Wednesday, March 07, 2012
The Liberty Arts group reps itself as a ‘non-profit bronze casting facility’. This sentence doesn’t even scratch the surface of a determined group of artists, community players, and founders who have been part of the bourgeoning Durham art scene since 2001, and who took the roof collapse of the Liberty Warehouse last year not as a step backwards, but an opportunity to build something bigger and better. The length of their reach into the community has stretched to its greatest extent yet, giving individuals not only a chance to view their works, but an opportunity to create something themselves.1
While still maintaining their foundry out of Durham Central Park's George Watts Pavillion, the group has been in the process of relocating their studio, workshop, and gallery space to the Cordoba Center for the Arts. The Cordoba Center for the Arts, a massive industrial space in what was previously a factory (and before that, old tobacco…) also houses another core part of Durham’s cultural scene, the Scrap Exchange.
March 16th marks the official grand opening of Liberty Arts at the Cordoba Center for the Arts. After an announcement from Mayor Bill Bell, who will hammer a ceremonial anvil, the doors will be officially opened to the new space. Local Durham favorites, LiLa, will perform a live set, and later in the evening there will be music by The Perculators. There will be food trucks, including the Parlour Ice Cream and Bike Coffee. There will also be staggered demonstrations throughout the night of the different specializations offered in many of Liberty Arts’s public classes and workshops. Demos will include glass blowing, forging and shop bots.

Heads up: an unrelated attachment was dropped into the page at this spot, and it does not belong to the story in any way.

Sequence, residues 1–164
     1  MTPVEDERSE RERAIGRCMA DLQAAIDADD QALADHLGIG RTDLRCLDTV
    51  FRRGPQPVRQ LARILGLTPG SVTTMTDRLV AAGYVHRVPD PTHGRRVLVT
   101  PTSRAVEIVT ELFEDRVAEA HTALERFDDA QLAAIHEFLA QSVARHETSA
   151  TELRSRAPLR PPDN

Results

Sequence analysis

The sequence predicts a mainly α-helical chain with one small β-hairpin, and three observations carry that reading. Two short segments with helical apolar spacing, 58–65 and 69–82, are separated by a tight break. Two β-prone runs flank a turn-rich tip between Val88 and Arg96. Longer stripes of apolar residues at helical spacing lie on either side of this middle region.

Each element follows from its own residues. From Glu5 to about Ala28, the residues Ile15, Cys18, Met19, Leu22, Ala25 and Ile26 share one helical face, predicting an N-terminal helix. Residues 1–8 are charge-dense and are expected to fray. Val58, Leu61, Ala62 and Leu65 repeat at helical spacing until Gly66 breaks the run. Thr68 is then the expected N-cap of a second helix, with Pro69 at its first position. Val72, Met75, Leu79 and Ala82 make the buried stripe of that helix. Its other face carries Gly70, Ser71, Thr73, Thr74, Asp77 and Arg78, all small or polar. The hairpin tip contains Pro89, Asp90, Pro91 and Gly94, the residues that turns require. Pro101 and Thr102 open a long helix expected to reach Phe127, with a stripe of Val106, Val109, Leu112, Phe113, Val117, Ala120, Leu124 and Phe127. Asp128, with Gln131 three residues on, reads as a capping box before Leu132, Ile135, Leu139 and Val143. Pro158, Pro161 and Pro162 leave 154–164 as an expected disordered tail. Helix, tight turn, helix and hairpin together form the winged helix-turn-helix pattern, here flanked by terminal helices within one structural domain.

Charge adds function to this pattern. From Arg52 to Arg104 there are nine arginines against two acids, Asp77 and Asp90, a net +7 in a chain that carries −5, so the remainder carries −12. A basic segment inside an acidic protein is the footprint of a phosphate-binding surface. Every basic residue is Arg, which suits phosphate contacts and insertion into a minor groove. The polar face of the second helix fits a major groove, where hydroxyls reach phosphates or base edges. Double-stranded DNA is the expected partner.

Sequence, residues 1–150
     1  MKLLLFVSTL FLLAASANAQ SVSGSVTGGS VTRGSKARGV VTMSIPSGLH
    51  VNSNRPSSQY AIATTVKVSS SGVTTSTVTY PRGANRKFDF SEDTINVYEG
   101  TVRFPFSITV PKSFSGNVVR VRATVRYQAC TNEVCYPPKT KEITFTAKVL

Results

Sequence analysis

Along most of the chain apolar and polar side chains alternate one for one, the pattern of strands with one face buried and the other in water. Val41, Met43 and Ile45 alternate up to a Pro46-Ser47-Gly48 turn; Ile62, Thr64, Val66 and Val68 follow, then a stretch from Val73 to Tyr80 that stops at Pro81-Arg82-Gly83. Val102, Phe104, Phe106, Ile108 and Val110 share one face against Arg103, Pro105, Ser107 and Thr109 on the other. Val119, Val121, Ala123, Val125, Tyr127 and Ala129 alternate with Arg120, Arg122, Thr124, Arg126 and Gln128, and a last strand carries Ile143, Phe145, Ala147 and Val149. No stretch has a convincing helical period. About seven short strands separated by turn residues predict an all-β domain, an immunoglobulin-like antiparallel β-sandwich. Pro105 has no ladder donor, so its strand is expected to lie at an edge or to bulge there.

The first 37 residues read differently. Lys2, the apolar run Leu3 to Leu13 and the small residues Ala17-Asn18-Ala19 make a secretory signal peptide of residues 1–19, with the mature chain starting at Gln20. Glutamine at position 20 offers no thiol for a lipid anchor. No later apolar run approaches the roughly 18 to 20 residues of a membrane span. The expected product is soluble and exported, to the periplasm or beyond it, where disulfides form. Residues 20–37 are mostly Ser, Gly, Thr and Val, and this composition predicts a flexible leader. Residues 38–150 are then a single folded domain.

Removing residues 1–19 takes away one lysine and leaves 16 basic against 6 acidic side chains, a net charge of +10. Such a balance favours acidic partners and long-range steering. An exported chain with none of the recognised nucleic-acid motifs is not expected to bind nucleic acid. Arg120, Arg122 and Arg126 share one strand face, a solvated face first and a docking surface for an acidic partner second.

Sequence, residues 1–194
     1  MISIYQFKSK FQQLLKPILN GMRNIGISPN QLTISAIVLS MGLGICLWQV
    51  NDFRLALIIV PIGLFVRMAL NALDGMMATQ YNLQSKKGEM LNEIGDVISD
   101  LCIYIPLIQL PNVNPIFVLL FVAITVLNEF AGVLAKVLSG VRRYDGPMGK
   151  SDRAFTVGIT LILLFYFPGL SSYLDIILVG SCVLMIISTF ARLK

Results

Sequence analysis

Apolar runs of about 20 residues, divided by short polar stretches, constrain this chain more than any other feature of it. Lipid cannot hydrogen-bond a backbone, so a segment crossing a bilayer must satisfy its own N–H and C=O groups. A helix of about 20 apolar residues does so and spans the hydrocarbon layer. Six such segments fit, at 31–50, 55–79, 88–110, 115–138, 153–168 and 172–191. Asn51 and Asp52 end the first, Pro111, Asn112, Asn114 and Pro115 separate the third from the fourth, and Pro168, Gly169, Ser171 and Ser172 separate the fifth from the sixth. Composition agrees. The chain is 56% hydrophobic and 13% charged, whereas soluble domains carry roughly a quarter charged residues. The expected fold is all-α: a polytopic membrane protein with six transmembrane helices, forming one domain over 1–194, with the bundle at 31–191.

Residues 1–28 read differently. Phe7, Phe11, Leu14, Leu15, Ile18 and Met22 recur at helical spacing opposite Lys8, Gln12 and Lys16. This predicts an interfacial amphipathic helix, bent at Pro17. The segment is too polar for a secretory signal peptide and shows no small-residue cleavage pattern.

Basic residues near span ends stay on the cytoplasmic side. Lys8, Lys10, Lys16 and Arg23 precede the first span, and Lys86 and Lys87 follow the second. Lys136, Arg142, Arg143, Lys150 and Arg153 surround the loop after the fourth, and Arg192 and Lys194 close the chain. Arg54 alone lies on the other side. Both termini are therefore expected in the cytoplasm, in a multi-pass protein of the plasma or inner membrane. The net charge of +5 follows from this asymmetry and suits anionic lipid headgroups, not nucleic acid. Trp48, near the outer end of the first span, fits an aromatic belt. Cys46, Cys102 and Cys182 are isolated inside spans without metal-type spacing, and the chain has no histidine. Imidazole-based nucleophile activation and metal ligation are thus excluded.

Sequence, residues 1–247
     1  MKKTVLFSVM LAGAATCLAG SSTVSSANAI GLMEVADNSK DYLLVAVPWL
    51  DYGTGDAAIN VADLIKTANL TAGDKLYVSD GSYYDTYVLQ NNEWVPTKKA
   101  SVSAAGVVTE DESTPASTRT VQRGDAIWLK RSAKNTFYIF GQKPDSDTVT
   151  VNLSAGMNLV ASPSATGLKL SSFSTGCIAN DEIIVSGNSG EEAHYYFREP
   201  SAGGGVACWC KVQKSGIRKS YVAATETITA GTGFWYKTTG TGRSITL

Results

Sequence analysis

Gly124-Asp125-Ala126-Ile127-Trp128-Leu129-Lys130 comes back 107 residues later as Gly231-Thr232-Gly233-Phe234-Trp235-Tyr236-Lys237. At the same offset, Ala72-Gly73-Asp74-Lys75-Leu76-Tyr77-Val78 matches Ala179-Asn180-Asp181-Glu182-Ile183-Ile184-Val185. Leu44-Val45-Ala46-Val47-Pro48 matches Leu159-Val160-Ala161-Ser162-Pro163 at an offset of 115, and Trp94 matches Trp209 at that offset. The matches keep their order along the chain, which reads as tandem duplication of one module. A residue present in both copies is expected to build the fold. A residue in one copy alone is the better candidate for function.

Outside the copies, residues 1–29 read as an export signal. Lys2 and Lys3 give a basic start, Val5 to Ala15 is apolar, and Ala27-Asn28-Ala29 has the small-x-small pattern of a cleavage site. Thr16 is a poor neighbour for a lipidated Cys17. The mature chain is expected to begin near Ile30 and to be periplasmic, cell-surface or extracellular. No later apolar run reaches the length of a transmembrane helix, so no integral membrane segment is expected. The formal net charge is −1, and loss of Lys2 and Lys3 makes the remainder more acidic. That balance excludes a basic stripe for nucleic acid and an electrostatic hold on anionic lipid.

Past students work will be displayed in part of the gallery portion of the event, giving the community a chance to see what a bank manager can achieve in a few hours of practice in the group’s hands-on, come-as-you-are classroom environment.
Of course, the professionals will have some of their work on display too, including the sculptures molded in the live aluminum pour that the Clarion Content and Scenes from my Lunch Hour covered last month.
If you think you aren’t familiar with the work of Liberty Arts, you’re probably wrong. Their sculptures are a key part of the downtown Durham streetscape. They beautify our daily scenery, including the statue of ‘Major’, our beloved plaza bull, and the downtown loop sculptures commemorating 'Black Wall Street.' These are just a two examples of the pieces Liberty Arts’ artists have created in the literal and cultural centers of our beloved city.
Other Grand Opening night events will include a raffle with a grand prize of a free pass into one of Liberty Art’s workshops, as well as other prizes from various fabulous vendors in town, Dame’s Chicken and Waffles, Daisy Cakes, Wine Authorities and Old Havana, too name but a few, and a miniaturized statue of ‘Major.’
The night kicks off at 5:30 on March 16, as part of Durham’s 3rd Friday Art Walk. For more information, visit their website at www.libertyartscasting.org, or contact them directly at (919) 452-4702.
1Four Wednesdays, March 7th, 14th, 21st, 28th, 6pm-9pm, Classes offered in: Sand Casting in Aluminum, Classes cost $250 and are limited to six students at Liberty Arts Foundry facility adjacent to Durham Central Park. For more info contact Michael Waller at #919-452-8642 or firstname.lastname@example.org.
That is in fact incorrect, the 'Celestial Vessel' was a project created by London artist Sach Hoyt using Liberty Arts Studio and exhibited at Duke's Nasher Museum of Art.
The railings at Parker and Otis were not constructed by M.E. Waller & Leah Foushee Waller.